Concurrence—a card-based coopetitive voting game

Concurrence is a card-based coopetitive voting game. Suits represent issues, and ranks represent positions on those issues.

Concurrence example deal


  • Suits are campaign issues.
  • Ranks are linear positions on issues. 
  • A hand of cards is a position or preference in issue-space. 
  • Ranks are additive, so the position of a hand with two cards of the same suit is the sum of their ranks.
  • The absence of a suit (void) is treated as 0 for a candidate, and null (don’t care) for a player.
  • The difference between two hands is their Manhattan distance in issue space.

Goal: Elect a candidate hand that minimizes your score (difference between your hand and that of the winning candidate).


  • For P players, T teams, and C candidates, N(P+TC) cards are needed, so use additional decks as necessary, possibly one per team.
  • Basic version: C=3, N=2
  • Divide players into roughly equal-size teams. There should be 2–8 players per team, and 2–8 teams.


  • Decks of cards (for simplicity, remove the face cards)
  • Ballots (e.g. laminated paper with dry-erase markers)
  • Score sheets and pens


Each team agrees (unanimously) on a voting method (including a tie-breaking method), and prepares its ballots. A mature team will likely choose a default voting method, and change it rarely.

When every team is ready:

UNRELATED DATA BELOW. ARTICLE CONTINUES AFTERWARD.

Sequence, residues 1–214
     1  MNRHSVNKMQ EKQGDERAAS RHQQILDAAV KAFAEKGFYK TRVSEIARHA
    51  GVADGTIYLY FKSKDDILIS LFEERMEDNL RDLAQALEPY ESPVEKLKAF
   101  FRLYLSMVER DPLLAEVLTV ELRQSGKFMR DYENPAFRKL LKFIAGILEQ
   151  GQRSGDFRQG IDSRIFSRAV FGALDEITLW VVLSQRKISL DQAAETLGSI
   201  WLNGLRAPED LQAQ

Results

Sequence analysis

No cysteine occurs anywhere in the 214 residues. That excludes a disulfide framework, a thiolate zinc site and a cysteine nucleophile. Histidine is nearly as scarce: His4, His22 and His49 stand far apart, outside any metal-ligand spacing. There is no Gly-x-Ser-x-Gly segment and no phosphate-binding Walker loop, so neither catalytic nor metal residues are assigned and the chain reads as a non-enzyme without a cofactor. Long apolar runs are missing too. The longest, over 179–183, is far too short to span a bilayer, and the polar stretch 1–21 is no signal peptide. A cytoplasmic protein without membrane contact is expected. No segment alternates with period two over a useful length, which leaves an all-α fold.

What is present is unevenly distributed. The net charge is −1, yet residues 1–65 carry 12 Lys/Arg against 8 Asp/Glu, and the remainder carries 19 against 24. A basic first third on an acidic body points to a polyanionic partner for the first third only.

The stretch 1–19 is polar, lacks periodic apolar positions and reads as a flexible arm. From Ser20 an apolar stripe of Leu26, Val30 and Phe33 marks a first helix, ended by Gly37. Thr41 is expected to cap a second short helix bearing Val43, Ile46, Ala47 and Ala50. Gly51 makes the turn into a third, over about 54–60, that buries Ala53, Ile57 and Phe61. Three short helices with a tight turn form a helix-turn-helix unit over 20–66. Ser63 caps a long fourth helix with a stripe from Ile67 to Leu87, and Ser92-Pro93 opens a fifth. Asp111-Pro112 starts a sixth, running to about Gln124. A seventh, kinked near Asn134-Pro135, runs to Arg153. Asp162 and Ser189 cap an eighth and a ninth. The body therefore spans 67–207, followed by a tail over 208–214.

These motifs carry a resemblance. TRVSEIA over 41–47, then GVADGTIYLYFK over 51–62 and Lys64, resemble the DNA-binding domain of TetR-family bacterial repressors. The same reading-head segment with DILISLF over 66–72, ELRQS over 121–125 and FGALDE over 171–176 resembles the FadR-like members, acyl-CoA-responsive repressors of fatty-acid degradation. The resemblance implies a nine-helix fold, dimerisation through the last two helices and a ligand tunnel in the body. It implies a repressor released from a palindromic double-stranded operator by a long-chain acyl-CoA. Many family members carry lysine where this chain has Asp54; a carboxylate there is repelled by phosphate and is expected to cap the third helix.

• Deal Np cards face down to each player, and Nc cards face up for each of the C candidates. 
  • Players vote silently.
  • Votes are tabulated, and a winning candidate is determined.
Concurrence example deal


  • Individual scores are the absolute difference between player hand and that of the winning candidate, on the issues (suits) that the player cares about.
  • Team scores are the average of the individual scores.
  • Option 1: Individual and team scores are tracked separately. The winner is the lowest-scoring player in the lowest-scoring team.
  • Option 2: Each individual receives a total score of their individual score plus the team score. The winner is the lowest-scoring player.

Repeat the play procedure for a predetermined number of rounds (say 20). Alternatively, until someone reaches a predetermined number of points (say 200).


  • Time limit (say 60 seconds) for voting and/or tabulation; if the players do not finish voting or tabulating in time, the winner is selected randomly, or the team is penalized points (say 10).
  • Candidates shared across teams or unique to each team. Shared candidates reduces the influence of chance. 
  • Allow teams to decide separately their number of candidates C.
  • Reduce or increase the number of cards dealt to players (Np) and candidates (Nc).
  • Include face cards, worth 10 or 11–13.
  • Calculate score not as absolute distance but as candidate fulfilling voter preferences, with overfulfillment being better. Points are thus good, and highest score wins.
  • Limited polling (e.g. players reveal one or two cards).
  • Candidates may alter their positions (maybe automatically according to some rule, or perhaps players take turns playing the role of candidate), say by discarding one card, maybe in response to polling. Maybe player-candidates receive points for losing, zero points or even minus points for winning.
  • After every X rounds, players change teams in a predetermined rotation pattern.
  • Recount sometimes, and penalize team for errors.

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